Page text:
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Letters to the Editor

Letter: New pool should best serve community

To the Editor:

On April 19, the Daily Chronicle argued that the new Park commissioners “should remember that delaying a decision [about the pool] does not equal solving a problem.” We would like to respond.

1. The commissioners-elect are not after a “stamp” on the pool; we want a pool that will best serve the community.  

2. The Chronicle’s editorial says, “If that amount of money must be spent, why not spend it building a new, modern and accessible facility with amenities that could attract more people?” The new commissioners agree, and that’s why we feel so strongly that the current design is wrong. The current design presented by PHN Architects will attract more people, but won’t allow them all to swim since the overall capacity is 300 bathers less, and the swimming area is 33 percent less than the existing pool.

3. The Chronicle urges haste in approving the pool since costs are expected to rise. But recently in this market, an increase of approximately 2 percent is typical for each year a project is delayed, due to labor and material price increases.

This comes to approximately $100,000 the first year, $102,000 the second year and so on. But the park will save about $350,000 in bond payments for each year the project is reconsidered. These savings could be set aside to pay for the increase in cost, decrease the amount required to bond, and be put toward immediately-required repairs at the Hopkins Park pool.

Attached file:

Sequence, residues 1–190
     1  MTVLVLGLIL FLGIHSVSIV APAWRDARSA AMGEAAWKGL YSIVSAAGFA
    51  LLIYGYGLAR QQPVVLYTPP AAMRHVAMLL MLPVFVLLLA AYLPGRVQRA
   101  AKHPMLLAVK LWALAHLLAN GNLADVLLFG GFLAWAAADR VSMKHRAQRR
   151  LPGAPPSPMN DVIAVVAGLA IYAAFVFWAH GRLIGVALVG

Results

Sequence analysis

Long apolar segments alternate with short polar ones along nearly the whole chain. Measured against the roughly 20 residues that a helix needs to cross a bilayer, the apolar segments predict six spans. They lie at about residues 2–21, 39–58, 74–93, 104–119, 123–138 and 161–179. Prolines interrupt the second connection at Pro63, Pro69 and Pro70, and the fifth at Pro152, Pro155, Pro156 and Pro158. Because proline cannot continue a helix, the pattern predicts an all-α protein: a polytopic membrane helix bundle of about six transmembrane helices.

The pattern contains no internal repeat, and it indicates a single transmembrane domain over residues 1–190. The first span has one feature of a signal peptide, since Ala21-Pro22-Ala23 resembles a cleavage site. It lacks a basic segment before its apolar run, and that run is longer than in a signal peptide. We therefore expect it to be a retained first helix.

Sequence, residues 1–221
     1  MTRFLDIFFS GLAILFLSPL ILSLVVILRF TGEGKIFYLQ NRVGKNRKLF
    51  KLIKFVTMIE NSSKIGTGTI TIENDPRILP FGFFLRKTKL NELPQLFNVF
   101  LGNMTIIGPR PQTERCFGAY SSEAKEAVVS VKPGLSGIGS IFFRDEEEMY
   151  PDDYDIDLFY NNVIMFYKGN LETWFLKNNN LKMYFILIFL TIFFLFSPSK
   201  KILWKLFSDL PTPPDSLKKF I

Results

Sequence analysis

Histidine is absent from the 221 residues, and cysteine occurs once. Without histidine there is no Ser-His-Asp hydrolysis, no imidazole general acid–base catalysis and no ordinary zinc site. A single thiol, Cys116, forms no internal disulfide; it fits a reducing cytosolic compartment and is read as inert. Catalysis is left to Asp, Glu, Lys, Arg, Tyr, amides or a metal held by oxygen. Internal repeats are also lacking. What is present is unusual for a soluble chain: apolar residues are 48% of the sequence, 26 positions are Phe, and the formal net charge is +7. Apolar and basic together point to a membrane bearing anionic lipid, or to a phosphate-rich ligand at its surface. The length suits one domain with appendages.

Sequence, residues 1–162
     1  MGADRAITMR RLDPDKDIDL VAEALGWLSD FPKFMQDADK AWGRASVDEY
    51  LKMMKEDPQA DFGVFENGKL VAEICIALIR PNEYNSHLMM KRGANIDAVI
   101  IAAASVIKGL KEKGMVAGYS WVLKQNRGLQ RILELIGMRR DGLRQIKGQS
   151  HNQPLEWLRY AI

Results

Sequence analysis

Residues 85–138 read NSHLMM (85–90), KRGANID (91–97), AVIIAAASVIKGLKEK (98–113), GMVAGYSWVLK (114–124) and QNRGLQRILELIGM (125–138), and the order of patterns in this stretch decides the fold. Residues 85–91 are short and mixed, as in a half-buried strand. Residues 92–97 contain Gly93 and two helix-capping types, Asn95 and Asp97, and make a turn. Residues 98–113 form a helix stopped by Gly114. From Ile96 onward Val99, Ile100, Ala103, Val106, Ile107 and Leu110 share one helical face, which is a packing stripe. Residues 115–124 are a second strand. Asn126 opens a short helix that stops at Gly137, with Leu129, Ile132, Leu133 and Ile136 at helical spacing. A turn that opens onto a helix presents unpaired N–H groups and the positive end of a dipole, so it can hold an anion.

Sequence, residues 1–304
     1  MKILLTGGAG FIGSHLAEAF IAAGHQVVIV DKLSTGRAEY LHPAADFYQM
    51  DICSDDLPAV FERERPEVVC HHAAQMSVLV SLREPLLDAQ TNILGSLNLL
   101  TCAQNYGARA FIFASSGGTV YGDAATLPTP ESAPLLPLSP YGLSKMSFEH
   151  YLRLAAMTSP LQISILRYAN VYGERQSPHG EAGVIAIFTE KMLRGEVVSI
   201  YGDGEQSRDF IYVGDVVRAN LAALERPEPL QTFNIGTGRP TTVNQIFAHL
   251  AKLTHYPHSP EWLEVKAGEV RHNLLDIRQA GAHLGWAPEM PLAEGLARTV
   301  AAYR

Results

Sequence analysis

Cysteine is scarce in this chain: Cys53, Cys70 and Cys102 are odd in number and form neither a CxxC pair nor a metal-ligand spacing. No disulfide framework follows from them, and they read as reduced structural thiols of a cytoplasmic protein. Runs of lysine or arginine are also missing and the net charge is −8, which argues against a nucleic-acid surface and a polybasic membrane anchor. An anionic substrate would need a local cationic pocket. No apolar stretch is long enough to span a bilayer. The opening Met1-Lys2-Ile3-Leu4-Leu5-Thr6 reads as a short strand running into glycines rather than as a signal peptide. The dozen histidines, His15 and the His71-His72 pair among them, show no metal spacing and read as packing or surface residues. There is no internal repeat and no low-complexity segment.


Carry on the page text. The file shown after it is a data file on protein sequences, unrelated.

The savings could also be put towards needs such as the playground replacement project that has been delayed until 2019 because of the pool costs.

4. The Chronicle asserts that the pool is like an “old car” that needs to be replaced. But when shopping for a new car for your family of five, would you settle on a four-seater, or would you find a car that your family of five will be comfortable in, even if you have to spend a few dollars for repairs while searching for the right car?

5. That a significant amount of time has been spent on the pool design doesn’t make it the right choice. This design has been the only one presented to the board and the public. No significant alternatives that maintain or increase the bather capacity of the pool have been presented.

Phil Young

Commissioner, DeKalb Park District

Per Faivre, Keith Nyquist,
Don Irving

Commissioners-elect, DeKalb Park District

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